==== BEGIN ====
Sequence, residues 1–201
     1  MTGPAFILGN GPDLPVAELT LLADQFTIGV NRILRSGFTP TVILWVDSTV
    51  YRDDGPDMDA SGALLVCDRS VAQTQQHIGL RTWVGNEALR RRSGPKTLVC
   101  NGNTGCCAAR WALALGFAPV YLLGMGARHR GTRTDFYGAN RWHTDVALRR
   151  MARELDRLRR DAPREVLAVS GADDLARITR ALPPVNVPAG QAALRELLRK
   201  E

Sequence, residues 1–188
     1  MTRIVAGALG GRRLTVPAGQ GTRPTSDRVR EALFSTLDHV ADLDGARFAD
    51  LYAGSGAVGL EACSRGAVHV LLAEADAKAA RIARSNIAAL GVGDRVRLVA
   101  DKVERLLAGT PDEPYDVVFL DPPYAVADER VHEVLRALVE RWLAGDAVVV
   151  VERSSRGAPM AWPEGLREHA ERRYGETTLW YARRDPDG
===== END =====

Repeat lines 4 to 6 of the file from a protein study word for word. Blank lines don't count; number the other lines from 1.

   101  NGNTGCCAAR WALALGFAPV YLLGMGARHR GTRTDFYGAN RWHTDVALRR
   151  MARELDRLRR DAPREVLAVS GADDLARITR ALPPVNVPAG QAALRELLRK
   201  E